Network Security Lecture 2 Network Security Concepts Waleed Ejaz

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  • Slide 1
  • Network Security Lecture 2 Network Security Concepts Waleed Ejaz
  • Slide 2
  • Overview Security Components and Threats Security Policy and Issues Types of Malware and Attacks Security Mechanisms Network Security Audit The Orange Book Legal Issues
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  • Security Components Confidentiality: Need access control, Cryptography, Existence of data Integrity: No change, content, source, prevention mechanisms, detection mechanisms Availability: Denial of service attacks, Confidentiality, Integrity and Availability ( CIA )
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  • Threats Disclosure, alteration, and denial (DAD) Disclosure or unauthorized access: snooping, passive wiretapping, Deception or acceptance of false data: active wiretapping (data modified), man-in-the-middle attack, Masquerading or spoofing (impersonation), repudiation of origin (denying sending), denial of receipt Disruption or prevention of correct operation Usurpation or unauthorized control of some part of a system: Delay, Infinite delay Denial of service
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  • Security Policy Statement of what is and what is not allowed Security Mechanism: Method, tool or procedure for enforcing a security policy
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  • Elements of Network Security Policy 1. Purchasing guidelines: Required security features 2. Privacy Policy: files, emails, keystrokes 3. Access Policy: Connecting to external systems, installing new software 4. Accountability Policy: Responsibilities of users/staff/management. Audit capability. 5. Authentication Policy: password policy 6. Availability statement: redundancy and recovery issues 7. Maintenance Policy: Remote maintenance? How? 8. Violations Reporting Policy: What and to whom? 9. Supporting Information: Contact information, handling outside queries, laws,... Ref: RFC 2196
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  • Security Issues Goals: Prevention, Detection, Recovery Assurance: Assurance requires detailed specs of desired/ undesired behavior, analysis of design of hardware/software, and arguments or proofs that the implementation, operating procedures, and maintenance procedures work. Operational Issues: Benefits of protection vs. cost of designing/implementing/using the mechanisms Risk Analysis: Likelihood of potential threats Laws: No export of cryptography from USA until 2000. Sys Admins can't read user's file without permission. Customs: DNA samples for authentication, SSN as passwords Organizational Priorities: Security not important until an incident People Problems: Insider attacks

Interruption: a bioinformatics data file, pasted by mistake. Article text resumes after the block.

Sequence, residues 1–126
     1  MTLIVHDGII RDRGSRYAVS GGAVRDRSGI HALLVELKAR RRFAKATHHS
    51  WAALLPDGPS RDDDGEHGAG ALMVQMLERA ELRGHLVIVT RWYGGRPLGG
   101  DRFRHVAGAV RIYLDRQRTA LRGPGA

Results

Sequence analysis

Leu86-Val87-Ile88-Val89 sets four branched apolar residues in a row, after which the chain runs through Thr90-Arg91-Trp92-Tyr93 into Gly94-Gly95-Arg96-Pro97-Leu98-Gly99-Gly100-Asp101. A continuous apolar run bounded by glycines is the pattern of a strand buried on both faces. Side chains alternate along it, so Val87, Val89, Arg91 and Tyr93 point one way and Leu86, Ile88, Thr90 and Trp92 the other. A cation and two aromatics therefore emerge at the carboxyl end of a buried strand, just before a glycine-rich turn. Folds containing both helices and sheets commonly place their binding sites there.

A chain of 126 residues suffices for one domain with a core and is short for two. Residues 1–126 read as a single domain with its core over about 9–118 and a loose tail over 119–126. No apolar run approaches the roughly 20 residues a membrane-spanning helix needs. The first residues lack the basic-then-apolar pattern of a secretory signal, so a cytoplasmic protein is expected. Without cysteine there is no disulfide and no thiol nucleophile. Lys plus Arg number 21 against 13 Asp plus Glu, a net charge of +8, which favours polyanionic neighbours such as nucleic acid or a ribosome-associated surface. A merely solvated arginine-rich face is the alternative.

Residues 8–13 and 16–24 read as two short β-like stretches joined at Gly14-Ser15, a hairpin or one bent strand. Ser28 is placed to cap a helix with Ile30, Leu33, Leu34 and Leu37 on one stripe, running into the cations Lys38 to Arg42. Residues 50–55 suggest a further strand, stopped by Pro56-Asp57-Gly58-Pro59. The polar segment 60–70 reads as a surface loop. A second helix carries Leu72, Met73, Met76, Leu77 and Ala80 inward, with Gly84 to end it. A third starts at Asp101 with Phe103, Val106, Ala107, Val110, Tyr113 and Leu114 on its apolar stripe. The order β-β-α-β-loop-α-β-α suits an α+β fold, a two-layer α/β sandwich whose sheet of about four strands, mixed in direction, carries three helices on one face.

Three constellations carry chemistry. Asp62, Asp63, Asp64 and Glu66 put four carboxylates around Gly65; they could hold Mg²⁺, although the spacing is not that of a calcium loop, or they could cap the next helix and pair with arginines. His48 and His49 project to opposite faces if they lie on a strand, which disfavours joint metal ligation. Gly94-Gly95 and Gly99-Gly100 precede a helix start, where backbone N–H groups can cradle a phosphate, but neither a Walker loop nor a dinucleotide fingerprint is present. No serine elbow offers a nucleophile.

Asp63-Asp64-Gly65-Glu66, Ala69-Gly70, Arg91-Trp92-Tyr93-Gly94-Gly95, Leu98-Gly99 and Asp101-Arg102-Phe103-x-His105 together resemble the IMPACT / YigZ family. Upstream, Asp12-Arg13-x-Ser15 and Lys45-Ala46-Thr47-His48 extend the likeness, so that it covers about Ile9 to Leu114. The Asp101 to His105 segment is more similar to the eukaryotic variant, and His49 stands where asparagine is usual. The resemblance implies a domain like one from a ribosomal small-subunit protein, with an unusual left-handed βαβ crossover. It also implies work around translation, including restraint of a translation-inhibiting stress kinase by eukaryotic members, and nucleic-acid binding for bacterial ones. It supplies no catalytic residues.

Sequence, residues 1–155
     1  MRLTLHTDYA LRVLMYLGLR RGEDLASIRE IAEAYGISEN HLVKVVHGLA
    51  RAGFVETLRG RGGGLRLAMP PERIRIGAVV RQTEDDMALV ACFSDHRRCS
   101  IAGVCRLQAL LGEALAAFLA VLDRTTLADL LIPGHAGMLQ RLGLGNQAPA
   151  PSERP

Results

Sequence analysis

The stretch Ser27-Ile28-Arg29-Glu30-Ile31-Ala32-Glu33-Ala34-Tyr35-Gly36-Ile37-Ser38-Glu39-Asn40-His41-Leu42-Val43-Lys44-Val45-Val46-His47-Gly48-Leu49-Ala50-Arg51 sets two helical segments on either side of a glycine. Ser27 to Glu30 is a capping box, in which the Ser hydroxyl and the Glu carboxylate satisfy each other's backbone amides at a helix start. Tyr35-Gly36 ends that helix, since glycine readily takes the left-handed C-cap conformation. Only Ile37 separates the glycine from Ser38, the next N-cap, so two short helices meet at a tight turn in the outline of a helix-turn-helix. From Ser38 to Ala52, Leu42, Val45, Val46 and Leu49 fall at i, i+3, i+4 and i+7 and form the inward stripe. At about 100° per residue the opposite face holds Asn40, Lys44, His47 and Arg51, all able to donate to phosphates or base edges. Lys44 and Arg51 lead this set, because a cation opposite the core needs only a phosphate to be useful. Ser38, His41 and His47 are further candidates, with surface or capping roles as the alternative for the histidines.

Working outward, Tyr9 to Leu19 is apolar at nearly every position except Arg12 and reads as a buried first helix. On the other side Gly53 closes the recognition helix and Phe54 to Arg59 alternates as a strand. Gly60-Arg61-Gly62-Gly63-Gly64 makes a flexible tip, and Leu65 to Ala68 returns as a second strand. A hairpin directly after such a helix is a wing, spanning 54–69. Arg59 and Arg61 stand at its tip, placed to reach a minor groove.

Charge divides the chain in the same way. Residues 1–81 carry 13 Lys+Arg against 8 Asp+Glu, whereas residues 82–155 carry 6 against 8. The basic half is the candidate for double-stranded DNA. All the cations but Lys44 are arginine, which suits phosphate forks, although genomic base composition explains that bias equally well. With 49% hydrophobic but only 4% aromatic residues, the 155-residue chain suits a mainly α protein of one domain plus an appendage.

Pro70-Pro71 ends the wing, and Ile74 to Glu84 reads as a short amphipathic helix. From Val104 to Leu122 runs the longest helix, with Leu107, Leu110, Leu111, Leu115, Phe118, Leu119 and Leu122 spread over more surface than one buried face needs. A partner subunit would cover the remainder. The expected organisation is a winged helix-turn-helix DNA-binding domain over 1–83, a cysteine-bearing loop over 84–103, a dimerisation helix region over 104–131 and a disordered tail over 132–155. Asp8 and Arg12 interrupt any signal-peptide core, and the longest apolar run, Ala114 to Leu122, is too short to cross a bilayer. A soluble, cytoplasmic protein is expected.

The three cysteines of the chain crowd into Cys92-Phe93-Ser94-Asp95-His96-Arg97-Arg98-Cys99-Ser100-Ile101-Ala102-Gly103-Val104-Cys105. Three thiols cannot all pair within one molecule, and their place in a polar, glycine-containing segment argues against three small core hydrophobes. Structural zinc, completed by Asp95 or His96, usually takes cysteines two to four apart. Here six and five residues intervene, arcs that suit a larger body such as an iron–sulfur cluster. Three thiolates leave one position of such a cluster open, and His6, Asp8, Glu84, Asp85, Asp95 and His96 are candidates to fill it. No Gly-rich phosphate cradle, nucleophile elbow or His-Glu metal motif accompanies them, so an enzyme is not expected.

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  • Steps in Cracking a Network Information Gathering: Public sources/tools. Port Scanning: Find open TCP ports. Network Enumeration: Map the network. Servers and workstations. Routers, switches, firewalls. Gaining Access: Keeping root/administrator access Modifying: Using access and modifying information Leaving a backdoor: To return at a later date. Covering tracks
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  • Hacker Categories Hacker - Cleaver programmer Cracker - Illegal hacker Script Kiddies - Starting hacker. May not target a specific system. Rely on tools written by others. White Hat Hackers - Good guys. Very knowledgeable. Hired to find a vulnerability in a network. Write own software. Black Hat Hackers - Bad guys. Desire to cause harm to a specific system. Write own software. Cyber terrorists - Motivated by political, religious, or philosophical agenda.
  • Slide 10
  • Types of Malware Viruses: Code that attaches itself to programs, disks, or memory to propagate itself. Worms: Installs copies of itself on other machines on a network, e.g., by finding user names and passwords Trojan horses: Pretend to be a utility. Convince users to install on PC. Spyware: Collect personal information Hoax: Use emotion to propagate, e.g., child's last wish. Trap Door: Undocumented entry point for debugging purposes Logic Bomb: Instructions that trigger on some event in the future Zombie: Malicious instructions that can be triggered remotely. The attacks seem to come from other victims.
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  • History of Security Attacks
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  • Brief History of Malware
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  • Types of Attacks Denial of Service (DoS): Flooding with traffic/requests Buffer Overflows: Error in system programs. Allows hacker to insert his code in to a program. Malware Brute Force: Try all passwords. Port Scanning: Disable unnecessary services and close ports Network Mapping